This method of chasing down even the most minute details was not without its critics. When a Time fact checker working on a profile of Peter F. Drucker, the management consultant, asked what kind of dog he had, Drucker described his senile, half-blind, and lame beagle simply as a “hunting dog,” which the checker entered into her notes. The writer of the profile then changed “hunting dog” into “ferocious German Shepherd,” leading Drucker to conclude that Time’s fact-checking system was one where “the writer does not really understand the facts, and the researcher does not really understand the story.”
The research process at Time
would set the standard for American magazines. But no publication has been more consistently identified with its rigorous fact-checking than The New Yorker
. It began to mercilessly check facts after an error-plagued 1927 profile of Edna St. Vincent Millay led to Millay’s mother threatening a libel suit against the magazine. The New Yorker
’s obsession with facts quickly became almost an end unto itself. The magazine established a fact-checking empire, one composed of telephone directories and reference books, carbon copies and filing systems.
Fact-checking was initially conceived of as women’s work, and it remained so through the 1970s. A 1971 book, No Experience Necessary: A Guide to Employment for the Female Liberal Arts Graduate, listed fact-checking as one of many possible jobs for young women, describing it as “a grisly job involving a lot of work, research skill and judgment” and noting that there can be “a great deal of unpleasantness from editors who consider themselves subject-matter experts.” Friedrich, of Harper’s, described the archetypal fact checker as “a girl in her twenties, usually from some Eastern college, pleasant-looking but not a femme fatale. She came from college unqualified for anything, but looking for an ‘interesting’ job. After a few years, she usually feels, bitterly and rightly, that nobody appreciates her work.” Nancy Ford, the first fact checker hired at Time, left the magazine after only a few months, apparently unable to take the strain and exhaustion.
If writers were pitted against fact checkers, it was because the former resented a check on the idea of the lone genius whose words were unassailable. In the era of New Journalism, The New Yorker’s fact-checking arm came in for criticism from figures like Tom Wolfe, who saw in it a form of groupthink and regarded it as a cabal of women and middling editors all collaborating to henpeck and emasculate the prose of the Great Writer.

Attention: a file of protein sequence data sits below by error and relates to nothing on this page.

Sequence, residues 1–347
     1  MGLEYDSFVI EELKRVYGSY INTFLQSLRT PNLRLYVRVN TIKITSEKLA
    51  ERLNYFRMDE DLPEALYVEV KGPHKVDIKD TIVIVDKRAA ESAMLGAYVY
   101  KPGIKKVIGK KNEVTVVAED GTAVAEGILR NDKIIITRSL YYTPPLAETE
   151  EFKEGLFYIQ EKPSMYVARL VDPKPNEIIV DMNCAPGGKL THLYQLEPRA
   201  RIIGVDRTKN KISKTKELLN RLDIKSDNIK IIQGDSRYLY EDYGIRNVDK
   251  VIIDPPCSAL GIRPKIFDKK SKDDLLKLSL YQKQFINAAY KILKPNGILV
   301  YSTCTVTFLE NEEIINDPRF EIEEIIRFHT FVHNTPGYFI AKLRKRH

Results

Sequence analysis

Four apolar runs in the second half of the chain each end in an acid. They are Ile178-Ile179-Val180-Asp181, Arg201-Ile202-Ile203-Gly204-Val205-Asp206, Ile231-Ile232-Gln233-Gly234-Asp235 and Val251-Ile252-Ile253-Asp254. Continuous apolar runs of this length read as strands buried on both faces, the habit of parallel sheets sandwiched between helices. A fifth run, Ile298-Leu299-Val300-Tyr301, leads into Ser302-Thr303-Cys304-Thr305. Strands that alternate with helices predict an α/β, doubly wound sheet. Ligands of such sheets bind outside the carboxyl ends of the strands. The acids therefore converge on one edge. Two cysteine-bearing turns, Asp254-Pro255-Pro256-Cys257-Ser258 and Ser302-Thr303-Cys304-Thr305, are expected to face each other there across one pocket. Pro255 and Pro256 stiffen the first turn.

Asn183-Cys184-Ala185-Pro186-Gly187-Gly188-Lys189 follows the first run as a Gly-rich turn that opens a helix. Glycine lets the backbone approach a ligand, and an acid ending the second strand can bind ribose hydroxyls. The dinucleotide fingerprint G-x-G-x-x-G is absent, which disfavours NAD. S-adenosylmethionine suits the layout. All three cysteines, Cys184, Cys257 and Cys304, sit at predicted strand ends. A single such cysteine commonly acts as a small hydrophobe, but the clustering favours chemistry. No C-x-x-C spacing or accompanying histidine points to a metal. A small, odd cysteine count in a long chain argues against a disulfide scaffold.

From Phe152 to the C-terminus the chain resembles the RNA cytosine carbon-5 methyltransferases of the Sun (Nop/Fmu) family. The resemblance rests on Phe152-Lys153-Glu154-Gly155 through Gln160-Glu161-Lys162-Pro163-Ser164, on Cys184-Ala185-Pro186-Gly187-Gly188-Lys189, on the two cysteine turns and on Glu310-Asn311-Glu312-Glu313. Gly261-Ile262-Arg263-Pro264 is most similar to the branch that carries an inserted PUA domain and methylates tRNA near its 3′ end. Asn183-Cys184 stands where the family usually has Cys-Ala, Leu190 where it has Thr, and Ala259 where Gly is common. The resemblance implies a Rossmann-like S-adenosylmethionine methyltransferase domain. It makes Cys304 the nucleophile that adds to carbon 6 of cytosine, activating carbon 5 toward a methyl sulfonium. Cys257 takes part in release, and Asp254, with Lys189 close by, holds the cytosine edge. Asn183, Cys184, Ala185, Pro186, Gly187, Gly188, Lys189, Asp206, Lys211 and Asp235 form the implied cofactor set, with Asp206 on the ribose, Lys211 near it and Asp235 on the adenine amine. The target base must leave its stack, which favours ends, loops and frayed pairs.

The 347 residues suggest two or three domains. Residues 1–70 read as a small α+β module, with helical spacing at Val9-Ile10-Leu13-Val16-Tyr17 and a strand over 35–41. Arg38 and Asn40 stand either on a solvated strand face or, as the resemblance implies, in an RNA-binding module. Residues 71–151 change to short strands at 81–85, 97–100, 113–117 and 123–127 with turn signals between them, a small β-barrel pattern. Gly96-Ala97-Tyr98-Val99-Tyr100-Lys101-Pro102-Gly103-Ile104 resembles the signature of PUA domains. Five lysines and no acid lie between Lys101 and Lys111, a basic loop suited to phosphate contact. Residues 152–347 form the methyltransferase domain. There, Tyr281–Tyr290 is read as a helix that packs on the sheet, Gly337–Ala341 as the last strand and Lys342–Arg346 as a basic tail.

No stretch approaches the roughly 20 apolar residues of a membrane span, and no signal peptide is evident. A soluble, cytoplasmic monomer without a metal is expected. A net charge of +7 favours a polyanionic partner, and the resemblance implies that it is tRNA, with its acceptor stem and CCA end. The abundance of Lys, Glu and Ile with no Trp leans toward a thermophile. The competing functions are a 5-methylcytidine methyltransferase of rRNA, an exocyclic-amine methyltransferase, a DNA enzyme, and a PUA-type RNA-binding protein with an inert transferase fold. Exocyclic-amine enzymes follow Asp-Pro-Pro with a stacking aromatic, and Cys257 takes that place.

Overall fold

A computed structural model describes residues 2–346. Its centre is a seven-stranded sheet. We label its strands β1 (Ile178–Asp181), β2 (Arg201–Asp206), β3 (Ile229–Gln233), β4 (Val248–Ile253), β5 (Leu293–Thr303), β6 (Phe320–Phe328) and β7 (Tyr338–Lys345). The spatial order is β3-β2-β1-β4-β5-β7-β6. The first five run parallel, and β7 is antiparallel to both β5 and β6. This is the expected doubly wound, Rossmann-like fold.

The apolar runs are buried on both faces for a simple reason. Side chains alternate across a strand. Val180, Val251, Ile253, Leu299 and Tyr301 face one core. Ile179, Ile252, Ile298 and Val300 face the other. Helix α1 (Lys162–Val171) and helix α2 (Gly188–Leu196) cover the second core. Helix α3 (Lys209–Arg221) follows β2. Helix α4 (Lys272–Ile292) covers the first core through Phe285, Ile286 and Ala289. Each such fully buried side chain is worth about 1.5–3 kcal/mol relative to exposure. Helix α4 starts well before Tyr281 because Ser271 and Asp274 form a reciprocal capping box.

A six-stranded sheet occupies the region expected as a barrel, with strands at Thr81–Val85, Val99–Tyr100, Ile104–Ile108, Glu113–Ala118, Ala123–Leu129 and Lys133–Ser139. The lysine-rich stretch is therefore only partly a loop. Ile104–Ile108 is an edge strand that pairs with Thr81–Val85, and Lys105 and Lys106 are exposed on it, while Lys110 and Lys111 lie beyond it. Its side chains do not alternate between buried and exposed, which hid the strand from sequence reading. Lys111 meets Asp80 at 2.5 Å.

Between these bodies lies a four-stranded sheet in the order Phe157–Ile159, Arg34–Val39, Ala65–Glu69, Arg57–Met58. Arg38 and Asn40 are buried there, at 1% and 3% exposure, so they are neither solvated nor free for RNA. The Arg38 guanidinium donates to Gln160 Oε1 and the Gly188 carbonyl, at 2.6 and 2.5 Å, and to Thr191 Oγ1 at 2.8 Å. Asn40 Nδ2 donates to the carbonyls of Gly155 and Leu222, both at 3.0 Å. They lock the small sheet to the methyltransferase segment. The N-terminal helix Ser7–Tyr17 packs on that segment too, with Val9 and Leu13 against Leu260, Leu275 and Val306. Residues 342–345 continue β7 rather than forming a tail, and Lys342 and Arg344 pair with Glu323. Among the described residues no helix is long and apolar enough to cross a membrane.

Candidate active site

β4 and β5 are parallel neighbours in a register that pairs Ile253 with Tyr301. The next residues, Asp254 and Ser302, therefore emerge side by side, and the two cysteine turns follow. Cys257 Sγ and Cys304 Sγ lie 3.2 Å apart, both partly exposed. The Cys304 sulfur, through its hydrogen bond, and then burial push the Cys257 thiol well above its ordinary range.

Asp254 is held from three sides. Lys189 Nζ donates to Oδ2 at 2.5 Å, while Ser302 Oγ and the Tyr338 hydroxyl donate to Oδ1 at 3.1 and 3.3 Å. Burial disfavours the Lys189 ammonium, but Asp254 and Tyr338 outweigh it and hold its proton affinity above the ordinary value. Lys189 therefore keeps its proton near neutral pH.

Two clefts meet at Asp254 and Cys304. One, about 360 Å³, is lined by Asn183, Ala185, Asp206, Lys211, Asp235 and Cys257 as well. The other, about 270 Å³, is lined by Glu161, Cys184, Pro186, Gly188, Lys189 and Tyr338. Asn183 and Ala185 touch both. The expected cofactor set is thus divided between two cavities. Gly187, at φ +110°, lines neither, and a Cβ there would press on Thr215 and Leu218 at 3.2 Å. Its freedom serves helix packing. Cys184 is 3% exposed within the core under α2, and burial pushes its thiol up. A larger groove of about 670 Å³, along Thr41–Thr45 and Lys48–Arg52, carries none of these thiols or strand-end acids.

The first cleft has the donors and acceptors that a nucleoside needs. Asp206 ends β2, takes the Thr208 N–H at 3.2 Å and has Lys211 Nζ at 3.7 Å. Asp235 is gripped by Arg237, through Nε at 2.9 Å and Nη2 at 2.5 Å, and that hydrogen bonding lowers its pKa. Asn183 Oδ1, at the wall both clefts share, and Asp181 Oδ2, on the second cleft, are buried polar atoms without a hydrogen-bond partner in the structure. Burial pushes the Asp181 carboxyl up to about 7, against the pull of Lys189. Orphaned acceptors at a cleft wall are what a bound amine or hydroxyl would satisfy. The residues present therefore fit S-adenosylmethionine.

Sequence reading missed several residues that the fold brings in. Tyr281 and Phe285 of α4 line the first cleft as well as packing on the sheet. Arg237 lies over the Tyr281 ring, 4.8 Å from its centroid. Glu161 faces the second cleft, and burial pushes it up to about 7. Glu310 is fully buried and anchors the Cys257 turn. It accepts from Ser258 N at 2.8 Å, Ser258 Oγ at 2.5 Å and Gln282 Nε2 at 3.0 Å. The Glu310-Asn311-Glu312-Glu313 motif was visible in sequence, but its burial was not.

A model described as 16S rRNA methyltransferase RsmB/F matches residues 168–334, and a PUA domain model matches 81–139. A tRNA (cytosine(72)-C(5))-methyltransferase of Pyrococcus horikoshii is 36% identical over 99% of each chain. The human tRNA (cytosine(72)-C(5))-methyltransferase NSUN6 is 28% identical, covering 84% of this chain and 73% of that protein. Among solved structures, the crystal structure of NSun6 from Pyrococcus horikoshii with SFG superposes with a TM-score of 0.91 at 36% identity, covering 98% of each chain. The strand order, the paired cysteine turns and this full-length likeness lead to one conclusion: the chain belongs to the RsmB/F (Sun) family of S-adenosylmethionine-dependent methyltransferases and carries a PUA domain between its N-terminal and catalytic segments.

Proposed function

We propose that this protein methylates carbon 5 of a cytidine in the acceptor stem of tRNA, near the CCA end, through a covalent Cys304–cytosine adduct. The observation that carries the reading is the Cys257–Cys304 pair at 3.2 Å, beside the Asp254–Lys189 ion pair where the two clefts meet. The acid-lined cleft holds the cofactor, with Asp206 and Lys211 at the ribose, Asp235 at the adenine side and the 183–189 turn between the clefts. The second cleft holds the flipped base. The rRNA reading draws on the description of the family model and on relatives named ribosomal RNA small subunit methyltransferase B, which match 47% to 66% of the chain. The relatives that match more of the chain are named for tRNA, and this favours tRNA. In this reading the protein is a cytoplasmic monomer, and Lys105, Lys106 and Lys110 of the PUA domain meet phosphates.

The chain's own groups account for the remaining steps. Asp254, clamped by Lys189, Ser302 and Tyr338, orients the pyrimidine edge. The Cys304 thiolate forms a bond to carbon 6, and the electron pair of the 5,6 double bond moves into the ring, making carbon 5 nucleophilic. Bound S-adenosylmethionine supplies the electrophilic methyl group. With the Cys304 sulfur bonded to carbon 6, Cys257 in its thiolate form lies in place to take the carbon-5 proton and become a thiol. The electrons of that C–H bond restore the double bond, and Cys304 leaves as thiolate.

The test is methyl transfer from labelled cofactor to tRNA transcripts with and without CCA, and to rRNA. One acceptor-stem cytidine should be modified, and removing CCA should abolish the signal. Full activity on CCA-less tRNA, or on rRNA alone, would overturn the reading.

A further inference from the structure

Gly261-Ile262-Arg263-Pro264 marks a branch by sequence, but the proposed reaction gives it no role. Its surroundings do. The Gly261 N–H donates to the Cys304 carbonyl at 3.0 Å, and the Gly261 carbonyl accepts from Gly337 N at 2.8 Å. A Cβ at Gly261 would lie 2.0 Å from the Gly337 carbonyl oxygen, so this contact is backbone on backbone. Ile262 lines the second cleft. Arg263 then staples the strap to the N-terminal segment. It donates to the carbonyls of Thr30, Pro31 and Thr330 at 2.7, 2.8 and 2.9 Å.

Since the dawn of the digital age, upstart and august publications alike have largely abandoned fact-checking when it comes to online stories. Unlike print, digital content is never completely set in stone, so websites have returned to an ethos closer to that of the New York World’s Bureau of Accuracy and Fair Play, issuing post facto corrections as needed in lieu of prepublication checking.
Because fact-checking these days is primarily the domain of legacy print publications, it retains that sheen of legitimacy and seriousness. To fact check is to assure readers, writers, and editors that great care is being taken—even if that care is, on some level, still superficial. A perfectly checked article, after all, can still be fundamentally wrong about its assumptions or conclusions. Ultimately, facts themselves lack the ability to deliver one to the truth. But unlike beliefs or opinions, facts are quantifiable. They can be agreed upon. They are communal property. That’s why we like them.
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Colin Dickey is the author of three books of nonfiction, most recently Ghostland: An American History in Haunted Places (2016). His next book, The Unidentified: Mythical Monsters, Alien Encounters, and Our Obsession with the Unexplained, will be published in the summer of 2020 by Viking Books.